John Gould’s Monograph of the Trogonidae to Auction
From lowly beginnings, John Gould (1804-1881) became the most celebrated British ornithologist of the 19th century, contributing enormously to ornithology and evolutionary science whilst amassing a personal fortune through his self-published and now highly prized folios. Having worked first as a gardener, and then as a taxidermist, Gould went on to publish an extraordinary 41 folios with over 3,000 plates, as well as writing numerous scientific papers. Gould would study, describe, and sketch the birds, before having his wife or later other artists such as Henry Constantine Richter, William Matthew Hart and Edward Lear complete the hand-coloured lithographs to his exact specifications. The illustrations were beautifully and carefully executed, artistic yet naturalistic depictions of birds set amongst appropriate foliage.
The sale also features a beautifully illuminated late medieval prayer book (estimate £2,000-3,000). Measuring just 10cm high, the prayer book in Latin script is thought to have been made in the 14th or 15th century, possibly in Holland. It was once in the ‘Valuable and Extensive Library’ of George Dunn of Woolley Hall, which was dispersed in three auctions at Sotheby’s between 1913 and 1915.
Other highlights include:
* an album of early engravings, woodcuts and original artwork depicting the towns, castles, houses, monasteries and inhabitants of the Austrian Empire (estimate £2,000-4,000), possibly compiled in the late 17th century, with illustrations thought to date from the 16th century onwards - an early bookseller’s catalogue entry pasted in the front describes it as ‘A Noble Old Scrapbook’.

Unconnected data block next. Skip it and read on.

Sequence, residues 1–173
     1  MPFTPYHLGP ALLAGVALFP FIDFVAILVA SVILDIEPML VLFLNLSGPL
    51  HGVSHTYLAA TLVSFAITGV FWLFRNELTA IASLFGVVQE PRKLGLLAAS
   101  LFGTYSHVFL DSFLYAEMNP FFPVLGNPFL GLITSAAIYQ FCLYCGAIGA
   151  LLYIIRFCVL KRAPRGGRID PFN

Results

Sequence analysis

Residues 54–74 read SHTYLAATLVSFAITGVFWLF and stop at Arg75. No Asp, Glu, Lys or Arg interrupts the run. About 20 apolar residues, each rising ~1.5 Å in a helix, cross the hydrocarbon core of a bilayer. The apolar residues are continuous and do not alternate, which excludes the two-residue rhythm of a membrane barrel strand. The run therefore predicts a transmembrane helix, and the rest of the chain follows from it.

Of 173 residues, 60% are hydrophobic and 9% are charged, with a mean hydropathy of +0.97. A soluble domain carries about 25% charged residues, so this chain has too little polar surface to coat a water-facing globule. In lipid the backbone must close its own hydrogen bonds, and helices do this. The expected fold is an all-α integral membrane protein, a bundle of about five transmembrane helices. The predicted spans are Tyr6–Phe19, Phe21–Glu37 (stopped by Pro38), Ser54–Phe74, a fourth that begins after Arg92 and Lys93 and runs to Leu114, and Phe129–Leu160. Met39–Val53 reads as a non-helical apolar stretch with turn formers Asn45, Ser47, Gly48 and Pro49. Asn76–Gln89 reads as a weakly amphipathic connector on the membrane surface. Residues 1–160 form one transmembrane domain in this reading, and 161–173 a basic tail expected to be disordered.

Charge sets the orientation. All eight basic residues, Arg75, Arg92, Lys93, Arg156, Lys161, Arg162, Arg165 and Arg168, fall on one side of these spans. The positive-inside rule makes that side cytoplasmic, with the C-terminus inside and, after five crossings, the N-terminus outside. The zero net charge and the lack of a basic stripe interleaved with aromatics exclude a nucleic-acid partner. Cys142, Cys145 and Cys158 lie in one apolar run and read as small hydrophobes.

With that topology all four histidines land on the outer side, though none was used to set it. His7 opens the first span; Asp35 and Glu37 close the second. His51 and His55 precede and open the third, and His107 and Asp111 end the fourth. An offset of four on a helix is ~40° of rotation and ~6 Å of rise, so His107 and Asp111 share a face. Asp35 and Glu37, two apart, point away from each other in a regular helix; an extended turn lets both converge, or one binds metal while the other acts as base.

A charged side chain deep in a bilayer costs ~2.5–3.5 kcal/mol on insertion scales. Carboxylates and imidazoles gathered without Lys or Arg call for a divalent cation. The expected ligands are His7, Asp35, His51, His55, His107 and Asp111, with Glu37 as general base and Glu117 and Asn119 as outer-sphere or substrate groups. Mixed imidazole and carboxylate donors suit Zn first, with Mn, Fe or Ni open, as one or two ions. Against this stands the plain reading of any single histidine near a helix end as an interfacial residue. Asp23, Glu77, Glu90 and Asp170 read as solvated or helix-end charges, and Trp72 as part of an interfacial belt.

* an album documenting the Eastern Front in the Second World War (estimate £300-500) entitled SS Polizei Panzergrenadier Division-4, Luga 1941. It is thought to have been compiled by Hauptsturmfuhrer Rieskogel, who appears in a photograph at the front of the album in SS dress uniform with Iron Cross and General Assault Badge. The album contains a wide variety of photographs of the army in convoy, at camp, military burials, battle scenes and soldiers receiving medical attention along with hand-drawn and coloured maps of the Luga area.
* a small family collection of manuscript books featuring:
- A Private Calendar contains detailed diary entries from January 1795 to September 1802 (estimate: £150-250) by Stephen Wilson, a silk manufacturer in London.
- In the Days of Old. A Quaker Child, by Granny, written by Isabella Tylor (née Harris) for her grandchildren in 1893 is an illustrated volume details her childhood in Stoke Newington, then a leafy village amongst the fields. Containing original watercolours, a birth certificate, photographs and family inscriptions (estimate £300-500).
- a volume of manuscript memoirs of wounded soldiers at St. Mary’s War Hospital, Reigate between 1915 and 1916 (estimate: £150-250). Freda Meryon Chance, a volunteer at St. Mary’s Red Cross Hospital, encouraged the patients in her care to write accounts of their personal experiences in her notebook. There are 32 contributions, with several detailing action at the front and the circumstances which gave rise to their injuries and several drawings.